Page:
Health

'India is one of the major hubs for illicit drug trade'

Report flags surge in sale and seizures of synthetic opioids, narcotic and designer drugs

 
By Shagun Kapil
Last Updated: Wednesday 06 March 2019
Representative Photo: Getty Images
Representative Photo: Getty Images Representative Photo: Getty Images

From age-old cannabis to newer synthetic opioids like tramadol, and designer drugs like methamphetamine, India is one of the major hubs for illicit drug trade, said the 2018 annual report by United Nations-backed International Narcotics Control Board (INCB).

In fact, cannabis remains the most frequently seized narcotic drug in South Asia; cannabis herb was the drug seized in largest quantities across the region in 2017.

India alone accounted for six per cent of the world’s cannabis herb (ganja) seizures in 2016 (nearly 300 tonnes), and reported seizing even higher quantities in 2017 (353 tonnes) — a 20 per cent increase compared to 2016, the report by UN office of Drugs and Crime said.

 In comparison, seizures of cannabis resin (charas) have remained relatively stable in India over the years, fluctuating between a considerable two to four tonnes between 2013 and 2017, with 3.2 tonnes seized in 2017.

The report further says that the global trend of purchasing drugs over the Internet, particularly on ‘darknet’ trading platforms using cryptocurrencies has already spread across South Asia, including India.

The report quotes a recent study of the global Internet-facilitated illicit drug trade, which identified some online vendors of drugs over the darknet who appear to be operating from South Asia. More specifically, the study identified more than 1,000 drug listings from India published across 50 online crypto-market platforms.

In 2017, authorities in India dismantled two illicit pharmacies selling drugs over the Internet, seizing close to 1,30,000 tablets containing psychotropic substances and arresting 15 people in the process. It further said that non-medical use of pharmaceutical drugs, containing controlled substances, continues to be prevalent in virtually all South Asian countries.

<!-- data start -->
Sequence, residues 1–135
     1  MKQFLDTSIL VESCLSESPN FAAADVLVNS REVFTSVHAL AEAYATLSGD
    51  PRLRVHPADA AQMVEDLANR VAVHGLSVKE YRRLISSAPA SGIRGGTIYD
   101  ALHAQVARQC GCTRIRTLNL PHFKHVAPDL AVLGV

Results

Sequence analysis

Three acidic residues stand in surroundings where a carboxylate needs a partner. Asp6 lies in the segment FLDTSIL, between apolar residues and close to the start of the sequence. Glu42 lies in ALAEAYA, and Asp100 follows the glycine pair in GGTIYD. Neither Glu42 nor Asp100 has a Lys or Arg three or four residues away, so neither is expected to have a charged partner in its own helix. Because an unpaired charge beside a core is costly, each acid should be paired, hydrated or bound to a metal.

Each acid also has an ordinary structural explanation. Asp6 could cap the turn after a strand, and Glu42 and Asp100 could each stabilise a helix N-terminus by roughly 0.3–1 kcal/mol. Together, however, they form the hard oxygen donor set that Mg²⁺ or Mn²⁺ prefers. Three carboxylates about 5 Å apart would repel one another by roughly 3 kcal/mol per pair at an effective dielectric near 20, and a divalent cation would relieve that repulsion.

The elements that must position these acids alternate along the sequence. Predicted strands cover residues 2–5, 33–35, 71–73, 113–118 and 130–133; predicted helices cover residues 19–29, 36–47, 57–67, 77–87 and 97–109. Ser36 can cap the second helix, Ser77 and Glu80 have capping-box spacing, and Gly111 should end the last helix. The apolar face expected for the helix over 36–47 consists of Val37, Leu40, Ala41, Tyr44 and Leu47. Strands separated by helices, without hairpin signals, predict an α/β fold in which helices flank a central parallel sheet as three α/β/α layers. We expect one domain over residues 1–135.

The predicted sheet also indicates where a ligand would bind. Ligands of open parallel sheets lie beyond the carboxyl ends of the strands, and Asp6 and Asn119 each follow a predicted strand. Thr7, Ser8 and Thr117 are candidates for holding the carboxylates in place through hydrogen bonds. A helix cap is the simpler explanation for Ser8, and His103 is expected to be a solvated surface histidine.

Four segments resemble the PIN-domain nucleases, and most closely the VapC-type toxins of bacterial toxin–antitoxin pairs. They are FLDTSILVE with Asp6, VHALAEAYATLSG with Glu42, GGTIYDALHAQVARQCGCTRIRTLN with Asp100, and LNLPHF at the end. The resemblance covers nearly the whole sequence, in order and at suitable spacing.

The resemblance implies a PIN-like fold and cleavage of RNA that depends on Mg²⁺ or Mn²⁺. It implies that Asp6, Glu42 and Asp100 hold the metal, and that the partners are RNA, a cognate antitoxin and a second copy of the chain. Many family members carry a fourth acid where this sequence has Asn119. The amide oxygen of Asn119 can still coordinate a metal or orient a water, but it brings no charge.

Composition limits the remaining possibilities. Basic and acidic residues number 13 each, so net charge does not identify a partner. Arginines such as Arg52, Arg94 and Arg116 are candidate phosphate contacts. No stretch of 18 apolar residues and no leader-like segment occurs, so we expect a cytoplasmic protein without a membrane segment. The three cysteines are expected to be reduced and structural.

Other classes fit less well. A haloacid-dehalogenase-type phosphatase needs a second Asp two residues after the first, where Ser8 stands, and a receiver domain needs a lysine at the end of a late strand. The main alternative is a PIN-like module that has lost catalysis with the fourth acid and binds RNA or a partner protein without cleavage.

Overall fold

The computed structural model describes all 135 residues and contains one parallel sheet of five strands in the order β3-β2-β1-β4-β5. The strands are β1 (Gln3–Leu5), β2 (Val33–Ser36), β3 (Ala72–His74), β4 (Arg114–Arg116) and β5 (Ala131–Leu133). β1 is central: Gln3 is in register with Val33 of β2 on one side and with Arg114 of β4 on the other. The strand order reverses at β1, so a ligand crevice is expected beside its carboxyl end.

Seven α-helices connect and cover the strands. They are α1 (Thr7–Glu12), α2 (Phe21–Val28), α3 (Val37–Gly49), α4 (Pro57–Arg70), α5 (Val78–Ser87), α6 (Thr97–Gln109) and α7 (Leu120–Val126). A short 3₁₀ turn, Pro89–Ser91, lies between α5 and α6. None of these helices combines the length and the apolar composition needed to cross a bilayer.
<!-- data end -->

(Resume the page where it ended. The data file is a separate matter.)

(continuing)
The preparations in question include codeine-based cough syrups sold under different trade names, such as Corex (in Bhutan and India) and Phensedyl (in Bangladesh and India); synthetic opioids such as tramadol (identified in the vast majority of abuse cases in Sri Lanka), along with pregabalin — a medicine with anti-convulsant properties used to treat epilepsy, neuropathic pain and anxiety, which is frequently encountered in Bhutan and India; ayurvedic tablets containing opium; and tranquillisers such as alprazolam, diazepam, clonazepam, lorazepam and benzodiazepine.

South Asia also remains a target for traffickers smuggling illicitly produced opiates from Afghanistan to Europe and North America along the alternative part of the “southern route”, which runs through Pakistan (or the Islamic Republic of Iran) and, via the Gulf countries, continues to East Africa and on to the destination countries.

The “alternate” southern route bypasses the Gulf countries and uses South Asia as a stopover for opiates being supplied directly to the Canadian market by air, or through Africa to Europe.

Opiates, cannabis and amphetamine-type stimulants remain the main substances of concern in the region, with record levels of cannabis herb seized in Bangladesh and India in 2017, said the report.

The report also warns of the risks and benefits of medical, scientific and “recreational” use of cannabis and cannabinoids. In several countries, poorly regulated medical cannabis programmes and the associated lower risk perception of cannabis use may have contributed to the legalisation of non-medical cannabis use.

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